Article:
The growth in pickleball is promising for Escalade, but the company’s transparency in regard to capital allocation, strategic decisions, viewpoint on creating shareholder value, and willingness to admit when they have not operated to expectations are what sold me on this business. I will cover some points but highly recommend reading the past three shareholder letters by the current CEO here.
Take the introduction to the shareholder letter discussing 2019’s results for example
Fellow Shareholders, Escalade’s financial performance in 2019 was very disappointing. These results are unacceptable for any healthy business, even more so for a company like Escalade that has strong brands and leading market positions in stable categories. While some of the low level of profitability can be attributed to investments in new businesses that should pay off in the future, the fact remains that our company did not perform anywhere close to its potential or to the level that you should expect from us. (Escalade Shareholder Letter)
Such a candid admittance of not meeting expectations is incredibly rare for management teams of public companies to give to the public in such a manner. Escalade doing so shows a unique commitment to the shareholders of the business. that is the backbone of the company’s decision-making process which has led to impactful benefits.
For example, the company chose to maintain domestic manufacturing while competitors moved almost fully offshore. The company actually doubled down on domestic investments, increasing its primary distribution center’s size by 20% and acquiring a leased facility to avoid rising rents. With ongoing supply chain issues, this has enabled the company to fill inventory for customers when competitors could not, taking material market share across its categories as a result.
The company’s perspective on being aligned with shareholders is also unique from that of a public company where management teams tend to forget far too often that they are stewards of other peoples’ capital.
We also believe it's critical that the interests of the company, the board, and the management team are aligned with our shareholders. We think one of the best ways to achieve this alignment is to have officers and directors who hold a significant equity position in Escalade. To that end, our officers and directors' ownership represents over 20% of the shares outstanding. (Escalade Q1 Conference Call)
This alignment with shareholders is something I can ascertain to be real from experience. I’ve sent inquiries to many companies over the past year, most of the time getting no response or hear there is a quiet period so nothing can be answered (even though earnings just happened in instances). Escalade is different. I got a response the same day asking for times I was available in the next week. The company chose the soonest available time to meet with me and had an over 30-minute phone call with me despite my ownership stake being 0.0007%.
This alignment with shareholder interests is one that is leading to strong capital allocation decisions. These come in the following sets for the company right now
Inventory: Primary investment last year leading to market share gains
Debt Reduction: Current primary objective, company explicitly mentions EV swing in their reasoning for this
Reinvestment: Previously discussed domestic production expansions and re-launching of owned e-commerce sites which the company believes can grow to over 10% of sales over time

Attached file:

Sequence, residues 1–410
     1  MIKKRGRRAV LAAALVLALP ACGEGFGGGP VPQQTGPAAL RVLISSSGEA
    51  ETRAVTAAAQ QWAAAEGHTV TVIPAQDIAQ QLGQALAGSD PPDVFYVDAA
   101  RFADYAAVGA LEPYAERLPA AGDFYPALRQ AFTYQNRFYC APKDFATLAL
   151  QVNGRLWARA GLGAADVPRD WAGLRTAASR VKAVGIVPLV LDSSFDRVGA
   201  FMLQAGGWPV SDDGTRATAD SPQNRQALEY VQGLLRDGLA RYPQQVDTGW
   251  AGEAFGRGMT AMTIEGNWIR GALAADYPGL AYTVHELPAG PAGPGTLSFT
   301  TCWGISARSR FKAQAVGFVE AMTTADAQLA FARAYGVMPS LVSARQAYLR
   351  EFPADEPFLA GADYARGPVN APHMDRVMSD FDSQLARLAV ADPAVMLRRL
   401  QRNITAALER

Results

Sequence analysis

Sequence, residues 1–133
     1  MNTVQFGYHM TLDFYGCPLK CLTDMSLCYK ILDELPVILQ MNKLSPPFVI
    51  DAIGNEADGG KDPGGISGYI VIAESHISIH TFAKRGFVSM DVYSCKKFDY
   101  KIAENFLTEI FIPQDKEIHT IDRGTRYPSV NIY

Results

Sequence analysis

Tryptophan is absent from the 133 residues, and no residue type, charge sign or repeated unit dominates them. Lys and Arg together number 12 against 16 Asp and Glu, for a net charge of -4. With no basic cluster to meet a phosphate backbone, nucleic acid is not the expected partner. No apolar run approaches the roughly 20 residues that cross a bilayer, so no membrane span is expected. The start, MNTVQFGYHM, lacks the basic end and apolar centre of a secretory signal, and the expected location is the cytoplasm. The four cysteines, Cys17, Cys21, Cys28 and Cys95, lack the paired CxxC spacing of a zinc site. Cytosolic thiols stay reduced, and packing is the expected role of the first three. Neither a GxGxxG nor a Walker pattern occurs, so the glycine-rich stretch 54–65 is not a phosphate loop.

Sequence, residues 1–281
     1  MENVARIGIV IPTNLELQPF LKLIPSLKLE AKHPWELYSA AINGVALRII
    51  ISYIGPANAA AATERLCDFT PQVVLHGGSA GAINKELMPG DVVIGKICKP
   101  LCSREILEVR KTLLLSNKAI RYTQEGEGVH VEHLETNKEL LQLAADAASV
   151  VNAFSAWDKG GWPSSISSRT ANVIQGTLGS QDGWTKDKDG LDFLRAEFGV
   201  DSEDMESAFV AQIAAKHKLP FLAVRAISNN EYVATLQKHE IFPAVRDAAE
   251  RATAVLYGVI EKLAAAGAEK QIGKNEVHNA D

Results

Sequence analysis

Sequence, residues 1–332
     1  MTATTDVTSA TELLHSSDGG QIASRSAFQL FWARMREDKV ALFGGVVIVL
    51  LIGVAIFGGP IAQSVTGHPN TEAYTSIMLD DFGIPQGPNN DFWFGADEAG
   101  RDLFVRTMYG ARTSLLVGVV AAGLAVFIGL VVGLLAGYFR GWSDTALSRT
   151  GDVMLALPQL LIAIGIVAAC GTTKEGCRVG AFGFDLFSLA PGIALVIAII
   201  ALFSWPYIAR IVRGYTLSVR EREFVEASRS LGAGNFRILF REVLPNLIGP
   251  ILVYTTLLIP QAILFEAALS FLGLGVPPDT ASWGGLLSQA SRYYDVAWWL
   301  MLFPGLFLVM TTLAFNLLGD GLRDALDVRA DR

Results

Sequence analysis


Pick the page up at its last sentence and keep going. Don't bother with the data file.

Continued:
Returning to Shareholders: Uses dividends and buybacks, has paid a quarterly dividend for 10 years (current forward yield is 4.79%) and bought back over 8% of shares in the past three years
Outside of these methods, the company is also a serial tuck-in acquirer and will often use acquisitions to enter new industries. The company entered pickleball in this manner and has done the same more recently with watersports through its acquisition of Rave Sports which it acquired in 2020. The company will be scrappy and likes to buy assets out of bankruptcy as it did with American Heritage Billiards in 2020. It has also shown a willingness to solidify its position across verticals within a segment, as securing the high-end billiard market was a driver in acquiring Brunswick Billiards earlier this year. This particular acquisition cemented dominance within the billiards niche as they now own the highest market share brands across entry, intermediate, and high-end billiard tables and cues.
As part of my research, I had conversations with both Patrick Griffin as mentioned earlier, but also with some of the largest shareholders that are not affiliated with the company. I pressed both on the dividend policy in particular, since my concern with capital allocation in this regard was the potential for the insiders who own over 33% of the company to be using this as a way to pocket money rather than focusing on the long-run health of the business. My conclusion was that my concern was not warranted. Furthermore, dividends do have the benefit of immediate cash flows versus buybacks betting on the future. While I like both when they’re applied correctly by a company, the certainty of cash flows today is a particular benefit.
The last point I’ll highlight (I could go on for far longer but word count matters), is the company specifically acknowledged to me in my conversation that they’re fighting for people’s time and attention. Considering the digitalization of the 21st century and every leisure item having to in some way compete for the time or attention of customers, I found this to be a qualitative note on the company’s outlook that is particularly positive. The company knows digitalization is a trend but views itself as a company that “sells fun” and views itself as providing a way to connect offline, something I believe will remain relevant despite the hopes some people have for a metaverse.
Overall, the unique transparency of the current management team is something I find extremely attractive and is an important qualitative factor regarding Escalade. The execution of this team has not only led to competitive advantages in manufacturing and sourcing but has also enabled the company to become dominant in niches it had no prior exposure to. This has been done while making divestitures when necessary and with a priority of increasing shareholder value. When combined with the company’s growth opportunities, I’m optimistic about the company’s outlook.